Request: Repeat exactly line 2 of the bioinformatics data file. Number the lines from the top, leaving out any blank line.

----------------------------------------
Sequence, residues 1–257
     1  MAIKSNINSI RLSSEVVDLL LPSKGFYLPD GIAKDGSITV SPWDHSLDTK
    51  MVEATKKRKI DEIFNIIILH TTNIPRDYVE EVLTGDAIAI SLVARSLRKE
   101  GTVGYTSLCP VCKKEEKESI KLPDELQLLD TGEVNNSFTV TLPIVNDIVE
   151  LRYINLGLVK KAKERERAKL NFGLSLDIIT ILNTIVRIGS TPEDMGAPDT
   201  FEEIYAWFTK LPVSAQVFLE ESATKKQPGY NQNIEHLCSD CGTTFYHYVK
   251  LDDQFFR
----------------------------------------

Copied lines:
     1  MAIKSNINSI RLSSEVVDLL LPSKGFYLPD GIAKDGSITV SPWDHSLDTK